California Assessment of Student Performance and
What is CAASPP Testing? PDF, 5 pages
new Common Core State Standards (CCSS) set higher expectations for our
students than ever before. These higher expectations were carefully
developed by classroom teachers, community colleges, colleges,
universities, and leaders in the workforce. They represent the skills
that today’s students need to succeed in college, career and life
--skills like critical thinking, problem solving and strong writing, so
that our children are competitive with peers from around the world.
The newest and largest component of CAASPP is the
Smarter Balanced Assessment (SBA), a modern, technology-based program,
with students performing the assessments on computers. These tests are
aligned to the Common Core State Standards (CCSS) for English and Math.
California adopted the CCSS in 2010 to support the knowledge and skills
students need to be well prepared for college and careers, no matter
where they come from or where they live.
This year, SCCS students will be participating in the CAASPP on
various dates and times from March through May, and each grade level
will be assigned specific weeks to take the exam. This will support our
students and staff in many ways including, the assurance of technology
working smoothly, providing enough time for students to take the
multiple components of the exam, and creating an environment conducive
to thinking and learning. Specific testing schedules, by site, will be sent home with students beginning in early March.
CAASPP: Keeping California’s Students on Track for College and Career
To access your gateway to understanding student scores on the
California Assessment of Student Performance and Progress (CAASPP) Click here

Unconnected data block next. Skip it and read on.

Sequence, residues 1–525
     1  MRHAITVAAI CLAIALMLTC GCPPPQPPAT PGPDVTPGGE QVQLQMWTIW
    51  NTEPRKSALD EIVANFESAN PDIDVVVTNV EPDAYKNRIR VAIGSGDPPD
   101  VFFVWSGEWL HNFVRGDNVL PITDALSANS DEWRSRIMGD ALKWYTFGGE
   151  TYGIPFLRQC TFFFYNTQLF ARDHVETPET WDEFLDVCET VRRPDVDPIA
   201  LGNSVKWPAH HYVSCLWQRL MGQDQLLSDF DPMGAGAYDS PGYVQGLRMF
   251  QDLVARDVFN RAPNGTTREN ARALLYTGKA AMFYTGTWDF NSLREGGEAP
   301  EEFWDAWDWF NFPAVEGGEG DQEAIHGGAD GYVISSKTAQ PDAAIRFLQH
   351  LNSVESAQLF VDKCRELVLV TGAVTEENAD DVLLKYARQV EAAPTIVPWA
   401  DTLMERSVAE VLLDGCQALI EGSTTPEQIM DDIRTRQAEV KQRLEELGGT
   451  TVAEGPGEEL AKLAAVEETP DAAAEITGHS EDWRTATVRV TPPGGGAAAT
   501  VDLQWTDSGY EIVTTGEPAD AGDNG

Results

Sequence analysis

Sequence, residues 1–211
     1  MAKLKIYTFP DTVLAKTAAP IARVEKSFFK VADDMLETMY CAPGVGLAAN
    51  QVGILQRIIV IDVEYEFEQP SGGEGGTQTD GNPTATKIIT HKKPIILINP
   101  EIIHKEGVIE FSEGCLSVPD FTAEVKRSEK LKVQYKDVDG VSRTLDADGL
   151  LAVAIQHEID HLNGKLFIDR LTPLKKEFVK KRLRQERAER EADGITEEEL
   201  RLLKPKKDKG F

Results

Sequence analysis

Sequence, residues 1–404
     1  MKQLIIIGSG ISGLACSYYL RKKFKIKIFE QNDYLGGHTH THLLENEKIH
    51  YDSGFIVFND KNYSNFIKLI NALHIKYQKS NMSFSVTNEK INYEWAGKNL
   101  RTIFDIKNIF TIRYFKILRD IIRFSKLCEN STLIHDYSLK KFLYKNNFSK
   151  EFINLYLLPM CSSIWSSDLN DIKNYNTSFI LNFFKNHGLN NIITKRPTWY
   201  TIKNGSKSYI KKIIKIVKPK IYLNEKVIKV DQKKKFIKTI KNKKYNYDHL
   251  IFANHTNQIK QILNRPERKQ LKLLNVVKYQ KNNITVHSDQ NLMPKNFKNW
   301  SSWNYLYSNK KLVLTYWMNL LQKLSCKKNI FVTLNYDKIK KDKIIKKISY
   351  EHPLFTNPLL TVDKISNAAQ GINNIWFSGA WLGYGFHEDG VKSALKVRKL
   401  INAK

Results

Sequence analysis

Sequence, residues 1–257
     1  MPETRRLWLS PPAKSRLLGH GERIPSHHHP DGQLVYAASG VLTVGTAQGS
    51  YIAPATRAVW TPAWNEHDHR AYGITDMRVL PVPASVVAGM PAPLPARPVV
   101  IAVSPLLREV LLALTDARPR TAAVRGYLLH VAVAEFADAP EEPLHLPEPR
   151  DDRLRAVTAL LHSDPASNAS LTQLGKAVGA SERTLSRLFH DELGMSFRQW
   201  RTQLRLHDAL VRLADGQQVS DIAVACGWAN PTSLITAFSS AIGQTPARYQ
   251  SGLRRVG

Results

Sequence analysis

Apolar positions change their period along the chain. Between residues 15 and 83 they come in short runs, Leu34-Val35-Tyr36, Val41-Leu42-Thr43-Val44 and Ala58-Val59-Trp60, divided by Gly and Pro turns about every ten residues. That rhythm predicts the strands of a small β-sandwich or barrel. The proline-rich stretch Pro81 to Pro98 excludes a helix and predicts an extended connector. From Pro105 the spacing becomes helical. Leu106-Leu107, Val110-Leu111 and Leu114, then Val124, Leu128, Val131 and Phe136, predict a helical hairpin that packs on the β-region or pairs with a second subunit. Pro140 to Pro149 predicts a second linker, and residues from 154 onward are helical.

Understanding your student score report:
State of California resources: http://www.cde.ca.gov/ta/tg/sa/index.asp.
**Parent Notification: outside source, information about their rights regarding opting out of high-stakes testing for their children
Parent Guide to Smarter Balanced Summative Assessments
ENGLISH: Grades 3, 4 & 5 Grades 6, 7 & 8 Grade 11
SPANISH: Grades 3, 4 & 5 Grades 6, 7 & 8 Grade 11
these skills requires different types of test questions. With this in
mind, this spring your child participated in the new California
Assessment of Student Performance and Progress (CAASPP)
assessments. This assessment takes the place of the STAR tests. How are
CAASPP tests different from STAR tests?
SBAC What parents and students should know:
Overview of CAASPP System, outside district source:
Participants include 3rd-8th and 11th graders. . .
In California, most students in grades three through eight and grade
eleven will participate in the 2015–16 Smarter Balanced tests, which
include both ELA and mathematics content areas. These tests are
administered online. A student may be exempted from taking the Smarter
Balanced Summative Assessments in three situations:
- If the student is taking the California Alternate Assessments (CAAs)
- If the student has been designated as an English learner and
enrolled in school in the United States for less the 12 months may be
exempted from the ELA portion of the Smarter Balanced Summative
- If the parent has expressed in writing that his or her student should be excluded from taking the summative assessments.
There are new “Item Types” not just Multiple Choice. . .
questions were multiple choice but others required students to type
their answers, to drag and drop things in different parts of the screen,
to highlight critical parts of a reading passage, or to draw a graph
- Questions require deeper thinking – it’s not as simple as choosing between 1 of 4 possible answers
tasks (PT) are included. These tasks require students to participate in
a classroom activity followed by completing a written task. The PT is
designed to provide students with an opportunity to demonstrate their
ability to apply their knowledge and higher order thinking skills to
explore and analyze a complex, real world scenario
We are testing in a new platform, on technology. . .
- All students take the tests on a computer. Most students will use a Chromebook device.